Signing this form commits you to present the “cleared” information during the oral
debriefing process.
******
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SAMPLES OF DEBRIEFING FORMS
Sample 1:
Written Debriefing Form
Predicting Suicidal Behaviours: Lack of Meaning in Life
Suicide is a serious problem among all age groups. The proportion of suicide victims who
are adolescents and young adults, however, is on the rise. Improving the accuracy of
suicide prediction can have a positive impact on both prevention and intervention
strategies and, consequently, is of vital importance for researchers, clinicians, and
society. The questionnaires you answered included two measures of life meaning, a
measure of hopelessness, a coping inventory, and a scale assessing suicidal
manifestations. The purpose of this study is to determine whether or not a lack of
meaning in life, in addition to coping strategies involving attempts to regulate emotion or
distract oneself, are predictive of suicidal behaviours.
It is difficult to answer these types of questions, and your generosity and willingness to
participate in this study are greatly appreciated. Your input will help contribute to the
advancement of the field of suicide research. Sometimes people find the subject matter of
these questionnaires disturbing. If answering any of these questions led you to feel
distressed and you would like to speak to someone about your thoughts, please contact
one of the following:
Phone Number
Queen’s Student Counselling Service ***
TALK Distress & Information Line
***
Canadian Mental Health Association ***
We would ask you to maintain confidentiality about the purpose of the experiment since
any pre-knowledge of the purpose will bias the data for that person and thus cannot be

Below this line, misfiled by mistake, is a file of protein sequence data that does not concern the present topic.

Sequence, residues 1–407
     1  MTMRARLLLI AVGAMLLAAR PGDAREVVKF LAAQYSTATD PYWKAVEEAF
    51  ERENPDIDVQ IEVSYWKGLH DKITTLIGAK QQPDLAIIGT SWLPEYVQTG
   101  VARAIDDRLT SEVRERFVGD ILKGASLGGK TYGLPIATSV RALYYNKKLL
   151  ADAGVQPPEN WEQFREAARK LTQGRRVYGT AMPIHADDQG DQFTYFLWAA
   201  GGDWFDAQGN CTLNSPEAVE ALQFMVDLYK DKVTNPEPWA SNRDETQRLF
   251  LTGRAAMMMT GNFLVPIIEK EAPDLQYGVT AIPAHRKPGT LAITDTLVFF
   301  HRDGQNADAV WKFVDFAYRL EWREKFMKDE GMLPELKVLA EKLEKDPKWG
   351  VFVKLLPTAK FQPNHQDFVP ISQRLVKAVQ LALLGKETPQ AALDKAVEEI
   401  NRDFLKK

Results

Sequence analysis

used.
This study has been granted clearance according to the recommended principles of
Canadian ethics guidelines, and Queen's policies.
If you have any complaints, concerns, or questions about this research, please feel free to
contact, the <research investigator> at <contact info>. Any ethical concerns about the
study may be directed to the Chair of the General Research Ethics Board at <613-5336081 or [email protected]>.
If you are interested in this area of research, you may wish to read the following
references:
Antonovsky, A. (1987). Unraveling the mystery of health: How people manage stress
and stay well. San Francisco: Jossey-Bass.
Baumeister, R.F. (1990). Suicide as escape from self. Psychological Review, 97, 90113.
Frankl, V. (1967). Psychotherapy and existentialism: Selected papers on logotherapy.
New York: Simon and Schuster.
Thank you very much for participating!
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Sample 2:
Written Debriefing Form
Reflexive Attentional Orienting Elicited by Eyes and Arrows
The purpose of this research is to determine whether differences exist in the pattern of
neural activation when you look at an eye as compared to an arrow. It has been
demonstrated that both eyes and arrows cause you to respond faster when a target appears
in the cued location, that is the location congruent with the direction of the stimulus.
While eyes and arrows elicit the same behavioral effect, it has been shown through
research on a neurological patient that different parts of the brain may be responsible for
these two effects.
In this study we presented you with an ambiguous picture that could be perceived as an
eye or an arrow. This way, if we find any differences in your ERPs (Event-Related
Potentials) to the two conditions, we will be able to attribute them to the way you are
looking at the picture, rather than to differences between two pictures. We will also be
looking at whether there are differences in your ERPs to the target when it was in the
cued as opposed to the un-cued location.
If you are interested in this area of research, the following introductory sources are
available at the library:
 Ristic, J., Friesen, C. K., & Kingstone, A. (2002). Are eyes special? It depends on
how you look at it. Psychonomic Bulletin & Review, 9, 507-513.

Mangun, G. R., & Hillyard, S. A. (1991). Modulation of sensory-evoked brain
potentials provide evidence for changes in perceptual processing during visualspatial priming. Journal of Experimental Psychology: Human Perception and
Performance, 17, 1057-1074
This study has been granted clearance according to the recommended principles of
Canadian ethics guidelines, and Queen's policies.